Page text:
Try to be more of a listener than a talker next time you meet someone new.

Why some people are luckier than others

As the newspaper photo counting experiment illustrates, one obvious implication from Wiseman’s research is that lucky people pay more attention to what’s going on around them than unlucky people.
Wiseman found that lucky people tend to be open to opportunities (or insights) that come along spontaneously, whereas unlucky people tend to be creatures of routine, fixated on certain specific outcomes.
Unlucky people tended to talk with the same types of people, people who are like themselves. It’s a common phenomenon. On the other hand, lucky people tended to be curious and open to what can come along from chance interactions. For example, Wiseman found that the lucky people had three times greater open body language in social situations than unlucky people. Lucky people also smiled twice as much as unlucky people, thus drawing other people and chance encounters to them. They didn’t cross their arms or legs and pointed their bodies to other people and increased the likelihood of chance encounters by introducing variety. Chance opportunities favored people who were open to them.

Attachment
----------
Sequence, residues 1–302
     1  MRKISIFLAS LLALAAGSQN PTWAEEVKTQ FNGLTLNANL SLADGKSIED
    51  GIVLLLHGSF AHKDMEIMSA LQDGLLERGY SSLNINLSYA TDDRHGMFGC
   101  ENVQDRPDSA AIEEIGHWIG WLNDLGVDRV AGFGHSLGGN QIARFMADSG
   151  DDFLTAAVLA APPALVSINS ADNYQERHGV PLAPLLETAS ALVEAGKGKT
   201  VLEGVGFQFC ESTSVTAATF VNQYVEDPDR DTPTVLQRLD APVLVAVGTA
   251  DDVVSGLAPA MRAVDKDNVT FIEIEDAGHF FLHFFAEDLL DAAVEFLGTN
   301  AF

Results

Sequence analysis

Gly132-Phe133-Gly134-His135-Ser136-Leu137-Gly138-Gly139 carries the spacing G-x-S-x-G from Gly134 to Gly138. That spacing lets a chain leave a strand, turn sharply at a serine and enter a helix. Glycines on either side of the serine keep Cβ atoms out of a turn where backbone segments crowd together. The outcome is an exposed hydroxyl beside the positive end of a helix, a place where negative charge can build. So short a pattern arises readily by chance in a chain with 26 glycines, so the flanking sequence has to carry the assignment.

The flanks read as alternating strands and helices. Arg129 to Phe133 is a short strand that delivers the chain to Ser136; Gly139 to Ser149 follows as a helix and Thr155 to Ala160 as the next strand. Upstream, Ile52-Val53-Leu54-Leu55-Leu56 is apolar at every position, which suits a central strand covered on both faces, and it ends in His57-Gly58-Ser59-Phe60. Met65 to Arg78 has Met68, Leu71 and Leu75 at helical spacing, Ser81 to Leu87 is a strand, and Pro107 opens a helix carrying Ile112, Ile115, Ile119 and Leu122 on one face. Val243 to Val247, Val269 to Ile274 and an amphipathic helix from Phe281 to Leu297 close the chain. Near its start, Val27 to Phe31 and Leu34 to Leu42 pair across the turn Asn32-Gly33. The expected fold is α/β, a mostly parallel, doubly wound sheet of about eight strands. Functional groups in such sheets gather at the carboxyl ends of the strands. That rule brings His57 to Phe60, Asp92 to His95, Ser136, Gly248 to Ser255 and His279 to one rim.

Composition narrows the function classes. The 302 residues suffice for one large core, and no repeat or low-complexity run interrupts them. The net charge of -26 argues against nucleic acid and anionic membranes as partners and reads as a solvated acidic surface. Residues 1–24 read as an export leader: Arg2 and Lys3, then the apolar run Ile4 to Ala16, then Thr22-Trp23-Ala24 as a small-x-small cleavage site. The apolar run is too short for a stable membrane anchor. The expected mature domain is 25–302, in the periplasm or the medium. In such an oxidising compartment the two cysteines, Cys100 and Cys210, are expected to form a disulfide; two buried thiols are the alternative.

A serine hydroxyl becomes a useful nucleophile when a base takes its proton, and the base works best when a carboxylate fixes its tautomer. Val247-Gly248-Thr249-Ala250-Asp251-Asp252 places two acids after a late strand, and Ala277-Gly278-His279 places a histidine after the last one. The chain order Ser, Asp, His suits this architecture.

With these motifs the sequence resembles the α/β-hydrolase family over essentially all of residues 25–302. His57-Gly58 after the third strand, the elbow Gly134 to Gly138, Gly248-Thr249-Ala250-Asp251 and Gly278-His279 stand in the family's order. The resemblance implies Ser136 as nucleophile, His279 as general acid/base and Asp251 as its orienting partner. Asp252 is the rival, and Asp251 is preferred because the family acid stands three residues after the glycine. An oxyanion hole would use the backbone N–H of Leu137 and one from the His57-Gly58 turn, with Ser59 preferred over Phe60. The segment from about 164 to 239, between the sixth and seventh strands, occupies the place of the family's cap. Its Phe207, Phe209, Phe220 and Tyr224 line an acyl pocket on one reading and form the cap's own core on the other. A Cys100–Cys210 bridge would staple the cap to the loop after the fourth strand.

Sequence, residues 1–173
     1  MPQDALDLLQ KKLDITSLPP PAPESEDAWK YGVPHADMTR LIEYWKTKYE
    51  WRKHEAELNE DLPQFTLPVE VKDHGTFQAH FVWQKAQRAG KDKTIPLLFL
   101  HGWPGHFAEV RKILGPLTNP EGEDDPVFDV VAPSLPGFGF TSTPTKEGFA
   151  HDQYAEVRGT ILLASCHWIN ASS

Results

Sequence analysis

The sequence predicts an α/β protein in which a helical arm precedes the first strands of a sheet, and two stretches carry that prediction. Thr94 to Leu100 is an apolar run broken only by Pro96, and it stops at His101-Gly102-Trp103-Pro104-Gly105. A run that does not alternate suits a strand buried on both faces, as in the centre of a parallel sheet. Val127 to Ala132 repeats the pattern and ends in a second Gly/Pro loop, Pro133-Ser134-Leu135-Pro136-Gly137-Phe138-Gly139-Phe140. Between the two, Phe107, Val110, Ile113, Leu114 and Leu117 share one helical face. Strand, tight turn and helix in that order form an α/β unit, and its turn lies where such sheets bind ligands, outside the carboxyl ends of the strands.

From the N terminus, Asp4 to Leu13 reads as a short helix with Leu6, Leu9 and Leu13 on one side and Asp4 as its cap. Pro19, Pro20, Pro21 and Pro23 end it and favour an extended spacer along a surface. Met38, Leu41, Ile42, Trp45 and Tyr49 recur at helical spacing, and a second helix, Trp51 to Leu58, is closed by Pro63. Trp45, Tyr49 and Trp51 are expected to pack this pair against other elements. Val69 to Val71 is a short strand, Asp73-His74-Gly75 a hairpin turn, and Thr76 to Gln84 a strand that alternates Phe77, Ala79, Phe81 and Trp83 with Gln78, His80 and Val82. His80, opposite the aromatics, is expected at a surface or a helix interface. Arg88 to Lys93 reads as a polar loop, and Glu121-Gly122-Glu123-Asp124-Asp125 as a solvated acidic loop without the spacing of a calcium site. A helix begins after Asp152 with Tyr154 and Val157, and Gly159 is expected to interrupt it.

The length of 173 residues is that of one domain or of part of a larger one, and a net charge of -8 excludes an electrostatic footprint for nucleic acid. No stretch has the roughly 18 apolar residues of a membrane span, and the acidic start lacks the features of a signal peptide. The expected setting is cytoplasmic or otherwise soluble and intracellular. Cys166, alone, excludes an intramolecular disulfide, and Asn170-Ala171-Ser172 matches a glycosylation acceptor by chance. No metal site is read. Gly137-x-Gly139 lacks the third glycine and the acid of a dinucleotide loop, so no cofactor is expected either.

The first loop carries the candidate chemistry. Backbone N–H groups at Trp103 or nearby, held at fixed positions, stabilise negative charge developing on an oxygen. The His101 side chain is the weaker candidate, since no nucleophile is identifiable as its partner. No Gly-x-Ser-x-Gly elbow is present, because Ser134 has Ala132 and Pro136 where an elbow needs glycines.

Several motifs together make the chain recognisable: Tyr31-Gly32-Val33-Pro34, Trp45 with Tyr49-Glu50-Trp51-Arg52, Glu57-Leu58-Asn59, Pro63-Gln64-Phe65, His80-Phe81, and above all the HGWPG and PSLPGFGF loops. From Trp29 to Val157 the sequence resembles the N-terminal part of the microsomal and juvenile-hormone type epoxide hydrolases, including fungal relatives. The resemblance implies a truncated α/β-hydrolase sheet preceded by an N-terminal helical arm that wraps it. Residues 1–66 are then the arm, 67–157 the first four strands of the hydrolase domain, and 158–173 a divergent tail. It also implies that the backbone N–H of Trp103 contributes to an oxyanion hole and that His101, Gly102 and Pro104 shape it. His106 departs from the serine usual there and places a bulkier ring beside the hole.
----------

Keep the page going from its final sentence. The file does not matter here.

“I discovered that being in the right place at the right time is actually all about being in the right state of mind”. Lucky people increase their odds of chance encounters or experiences by interacting with a large number of people. Extraversion, Wiseman found, pays opportunity and insight rewards.
After identifying a group of people who identified themselves as unlucky, he shared the main principles of lucky behavior, including specific techniques. After carrying out specific exercises for a month, participants reported back to Wiseman. “The results were dramatic: eighty percent were happier and more satisfied with their lives — and luckier,”